Rutherford & Son
Githa Sowerby, edited by Blake Morrison
The Lowry, Salford
It has to be some measure of the diversity of entertainment available at The Lowry that while a packed Lyric Theatre whoops and whistles at The Full Monty, fellow Yorkshiremen Northern Broadsides play to an equally full but rather more sedate audience next door in the Quays Theatre.
Sowerby's 1912 play was listed in the National Theatre's 100 greatest plays of the twentieth century but, despite being a great success at its Royal Court debut, has rarely been seen on the professional stage since, although we did see it at the Royal Exchange in 2005 and not so far away in the playwright's native Tyneside when Northern Stage revived it in 2009.
Director Jonathan Miller in a programme note compares the play to Chekhov, but I can't see that; this is a very English play and northern English at that with characters familiar from many other plays of and about the time from works by the likes of Shaw, Galsworthy, Lawrence and even J B Priestley.
John Rutherford is a factory owner whose will is law in the family and who has dedicated his life to building up Rutherford's, a glass factory passed down to him and which he intends to pass down to his son John. However his children have ideas of their own and have no intention of dedicating their lives to the business he has built up.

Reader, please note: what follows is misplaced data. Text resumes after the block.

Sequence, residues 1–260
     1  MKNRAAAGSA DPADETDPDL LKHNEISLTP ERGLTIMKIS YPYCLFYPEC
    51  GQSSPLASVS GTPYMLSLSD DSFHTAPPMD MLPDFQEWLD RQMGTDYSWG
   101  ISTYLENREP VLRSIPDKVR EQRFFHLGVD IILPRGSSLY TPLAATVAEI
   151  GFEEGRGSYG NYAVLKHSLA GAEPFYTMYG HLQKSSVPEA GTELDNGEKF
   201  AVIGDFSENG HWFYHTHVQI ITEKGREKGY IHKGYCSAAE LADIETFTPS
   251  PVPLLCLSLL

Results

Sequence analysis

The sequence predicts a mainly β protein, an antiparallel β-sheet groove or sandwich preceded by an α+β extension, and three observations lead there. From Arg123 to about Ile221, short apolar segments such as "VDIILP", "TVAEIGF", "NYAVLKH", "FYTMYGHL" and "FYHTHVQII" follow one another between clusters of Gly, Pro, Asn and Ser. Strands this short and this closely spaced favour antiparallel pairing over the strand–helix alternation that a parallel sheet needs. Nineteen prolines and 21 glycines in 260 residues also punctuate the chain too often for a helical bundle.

Richard has joined the clergy and has been offered a position in Southport. John junior has hit upon the formula for a new metal that he claims will revolutionise the manufacturing process, but he will only give it to his father at a price. John also has made it clear that he will sell his inheritance at the earliest opportunity as he has no intention of working for a living. Janet is seen largely as an unpaid extra servant and well on the way, at 36, to being an old maid—but secretly she has other ideas.
So far, so familiar, but Sowerby has not created the archetypal family tyrant, a villain who has bullied his family into submission and from whom we will his children to escape. There is an element of that, certainly, but the brilliance of her writing is in the way she makes him sympathetic to audiences. Although we may be frustrated at his stubbornness and his lack of affection, we can also often see his point. His children are naïve dreamers who are unlikely to survive for very long in the real world.
This compelling production revolves around a towering performance from Barrie Rutter as Rutherford. The character is as skilfully rounded in his portrayal as he is in the writing, dominating the stage whenever he is present just as Rutherford dominates the family.
Sara Poyser is also excellent as Janet, wise-cracking and bitter initially but with a major confrontation scene, while Catherine Kinsella as the Londoner wife John married in secret gives some beautifully-measured, tolerant reactions to the verbal abuse she suffers from the family—especially from Kate Anthony as Rutherford's acid-tongued, disapproving sister Ann—but then really comes into her own in the final confrontation with Rutherford, when she shows herself to be as hard-headed and pragmatic as he is.
Richard Standing gives a beautiful performance in the relatively small part of Martin, Rutherford's most trusted factory employee. Andrew Grose is suitably pious as clergyman Richard, and while I wasn't as totally convinced by Nicholas Shaw as John, he certainly puts across the annoying, stubborn naïvety of the pompous dreamer. Wendi Peters also pops up briefly as the slightly drunken mother of a recently-sacked employee.
This is an extremely good production of a play that has more depth and feels less dated than many plays with similar characters and themes from male playwrights of the period that we see more often. Definitely one to grab a ticket for if you get the chance.
Reviewer: David Chadderton